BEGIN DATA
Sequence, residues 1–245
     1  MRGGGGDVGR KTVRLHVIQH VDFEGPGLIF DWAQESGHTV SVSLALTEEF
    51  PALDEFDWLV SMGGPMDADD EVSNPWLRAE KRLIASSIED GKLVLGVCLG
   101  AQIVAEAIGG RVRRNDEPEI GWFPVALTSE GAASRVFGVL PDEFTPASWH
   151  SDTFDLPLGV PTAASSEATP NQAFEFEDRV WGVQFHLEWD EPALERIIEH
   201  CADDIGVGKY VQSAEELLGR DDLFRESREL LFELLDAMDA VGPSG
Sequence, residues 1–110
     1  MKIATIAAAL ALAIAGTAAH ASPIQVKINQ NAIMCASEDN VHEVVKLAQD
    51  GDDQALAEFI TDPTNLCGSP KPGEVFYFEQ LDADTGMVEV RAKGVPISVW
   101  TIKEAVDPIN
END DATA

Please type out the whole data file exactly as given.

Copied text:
Sequence, residues 1–245
     1  MRGGGGDVGR KTVRLHVIQH VDFEGPGLIF DWAQESGHTV SVSLALTEEF
    51  PALDEFDWLV SMGGPMDADD EVSNPWLRAE KRLIASSIED GKLVLGVCLG
   101  AQIVAEAIGG RVRRNDEPEI GWFPVALTSE GAASRVFGVL PDEFTPASWH
   151  SDTFDLPLGV PTAASSEATP NQAFEFEDRV WGVQFHLEWD EPALERIIEH
   201  CADDIGVGKY VQSAEELLGR DDLFRESREL LFELLDAMDA VGPSG
Sequence, residues 1–110
     1  MKIATIAAAL ALAIAGTAAH ASPIQVKINQ NAIMCASEDN VHEVVKLAQD
    51  GDDQALAEFI TDPTNLCGSP KPGEVFYFEQ LDADTGMVEV RAKGVPISVW
   101  TIKEAVDPIN